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Paul Delvaux; Artist Was Pioneer in Surrealism

<i> From Times Staff and Wire Reports</i>

Paul Delvaux, whose surreal nudes and dreamlike depictions of skeletons and trains sell for $1 million and more, died Wednesday. He was 96.

Although he was not formally a member of the surrealist movement, he was considered one of the last if not the last of that pioneering group that shocked and offended much of the art world in the 1920s.

The Belgian-born artist died in Veurne near the North Sea resort of St. Idesbald. Incapacitated by failing eyesight and poor health, the solitary artist had not painted in years.

Delvaux’s career spanned almost 70 years, during which he gained fame for depicting the richness of the subconscious in figurative but irrational images. His work often reflected alienation and featured empty train stations, deserted vehicles or barren deserts.

His paintings hang alongside those of Salvador Dali and fellow Belgian Rene Magritte in many private collections and museums.

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“Young Girl in Front of a Temple,” which was painted in 1949, sold for $1 million 40 years later. Other major works included “Sleeping Venus” (1933) and “Evening Trains” (1957).

Delvaux, who made naked women a central theme of his paintings during a time of stringent moral codes, was no stranger to controversy.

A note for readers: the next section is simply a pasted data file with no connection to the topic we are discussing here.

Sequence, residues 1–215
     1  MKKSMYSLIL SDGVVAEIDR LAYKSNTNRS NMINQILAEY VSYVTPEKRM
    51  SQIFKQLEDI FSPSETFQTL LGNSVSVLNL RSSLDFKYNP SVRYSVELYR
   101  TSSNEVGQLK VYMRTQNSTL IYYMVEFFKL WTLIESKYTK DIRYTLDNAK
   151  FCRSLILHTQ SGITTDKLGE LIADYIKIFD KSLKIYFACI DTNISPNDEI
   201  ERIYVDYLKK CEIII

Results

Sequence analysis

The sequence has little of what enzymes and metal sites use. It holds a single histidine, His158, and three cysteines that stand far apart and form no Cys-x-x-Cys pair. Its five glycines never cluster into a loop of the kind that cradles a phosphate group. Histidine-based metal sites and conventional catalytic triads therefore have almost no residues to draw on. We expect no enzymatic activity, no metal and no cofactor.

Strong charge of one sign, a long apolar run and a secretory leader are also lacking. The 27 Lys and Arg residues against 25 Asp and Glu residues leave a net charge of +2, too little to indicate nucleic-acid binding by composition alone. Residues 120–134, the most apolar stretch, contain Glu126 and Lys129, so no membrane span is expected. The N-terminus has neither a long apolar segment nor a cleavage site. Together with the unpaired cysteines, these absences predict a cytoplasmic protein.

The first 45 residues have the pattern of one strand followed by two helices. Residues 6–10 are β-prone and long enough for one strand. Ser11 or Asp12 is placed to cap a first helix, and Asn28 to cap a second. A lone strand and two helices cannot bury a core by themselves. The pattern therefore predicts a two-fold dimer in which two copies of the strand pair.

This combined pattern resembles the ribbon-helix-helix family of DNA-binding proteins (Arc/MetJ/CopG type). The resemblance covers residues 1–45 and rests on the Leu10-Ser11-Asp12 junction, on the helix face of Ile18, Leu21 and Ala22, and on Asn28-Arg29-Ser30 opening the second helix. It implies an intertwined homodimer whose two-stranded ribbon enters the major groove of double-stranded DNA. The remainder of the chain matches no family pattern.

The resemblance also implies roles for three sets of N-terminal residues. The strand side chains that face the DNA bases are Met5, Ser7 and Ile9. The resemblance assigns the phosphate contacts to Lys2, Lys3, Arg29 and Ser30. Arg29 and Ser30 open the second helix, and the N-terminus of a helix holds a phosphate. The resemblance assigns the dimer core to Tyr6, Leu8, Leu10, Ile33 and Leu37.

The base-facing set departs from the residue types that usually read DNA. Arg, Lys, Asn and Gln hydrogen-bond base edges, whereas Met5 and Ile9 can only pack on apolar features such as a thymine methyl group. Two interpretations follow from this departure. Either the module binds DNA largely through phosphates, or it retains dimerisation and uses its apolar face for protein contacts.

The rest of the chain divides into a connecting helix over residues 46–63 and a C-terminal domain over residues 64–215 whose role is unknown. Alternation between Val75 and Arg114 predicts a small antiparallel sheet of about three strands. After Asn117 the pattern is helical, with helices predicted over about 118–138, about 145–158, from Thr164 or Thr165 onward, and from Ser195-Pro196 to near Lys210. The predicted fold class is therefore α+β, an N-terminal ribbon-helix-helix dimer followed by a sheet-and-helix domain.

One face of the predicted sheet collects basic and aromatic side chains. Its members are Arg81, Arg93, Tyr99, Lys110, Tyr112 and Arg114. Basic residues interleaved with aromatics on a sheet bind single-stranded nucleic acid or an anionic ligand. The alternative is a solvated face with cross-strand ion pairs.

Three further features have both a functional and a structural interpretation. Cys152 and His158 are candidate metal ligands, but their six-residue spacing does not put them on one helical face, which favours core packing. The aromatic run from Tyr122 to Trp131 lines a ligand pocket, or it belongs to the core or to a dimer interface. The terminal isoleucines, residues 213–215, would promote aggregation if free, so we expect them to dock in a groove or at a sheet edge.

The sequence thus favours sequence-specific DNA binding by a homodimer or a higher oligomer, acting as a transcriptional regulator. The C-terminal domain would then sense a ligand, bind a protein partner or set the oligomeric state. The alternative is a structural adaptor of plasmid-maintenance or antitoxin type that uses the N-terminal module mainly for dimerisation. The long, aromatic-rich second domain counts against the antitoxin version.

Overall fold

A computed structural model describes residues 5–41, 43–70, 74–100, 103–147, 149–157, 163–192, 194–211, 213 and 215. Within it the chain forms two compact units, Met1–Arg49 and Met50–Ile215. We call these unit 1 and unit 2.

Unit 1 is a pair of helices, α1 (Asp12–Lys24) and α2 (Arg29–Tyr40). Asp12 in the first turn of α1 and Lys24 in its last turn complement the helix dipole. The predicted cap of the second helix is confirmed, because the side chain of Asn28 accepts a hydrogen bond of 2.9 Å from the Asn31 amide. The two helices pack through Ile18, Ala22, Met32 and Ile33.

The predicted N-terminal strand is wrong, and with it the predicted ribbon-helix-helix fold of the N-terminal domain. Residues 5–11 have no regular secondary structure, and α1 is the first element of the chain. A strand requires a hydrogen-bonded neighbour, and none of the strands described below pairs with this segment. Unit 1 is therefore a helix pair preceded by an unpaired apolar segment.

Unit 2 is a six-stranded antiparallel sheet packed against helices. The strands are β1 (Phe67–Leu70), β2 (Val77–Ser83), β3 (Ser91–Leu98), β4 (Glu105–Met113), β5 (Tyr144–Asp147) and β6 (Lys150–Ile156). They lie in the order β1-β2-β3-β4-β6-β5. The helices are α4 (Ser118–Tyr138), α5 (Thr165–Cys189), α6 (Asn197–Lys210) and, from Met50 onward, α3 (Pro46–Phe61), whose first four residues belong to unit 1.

A 1948 show was off limits to priests. Children were not allowed into a 1960s retrospective in the resort of Ostend.

His seemingly somnambulant, naked women have been a common target for interpretations.

“They symbolize nothing. I paint them because they are beautiful and desirable,” he said. “I have something against the word symbol because it has something artificial,” he said.

His latest influence had been skeletons. “Crucifixion” (1951-52) is among the most grotesque of his output.

Delvaux began as a painter of portraits, land and seascapes in Belgium, but was influenced by surrealism in the 1930s after traveling in Italy and France.

He destroyed most of his early work, either because he did not like it or to reuse the canvas.

From the 1960s onward, his work had increased in value so that major museums in Europe and America were often the only places that could afford him.


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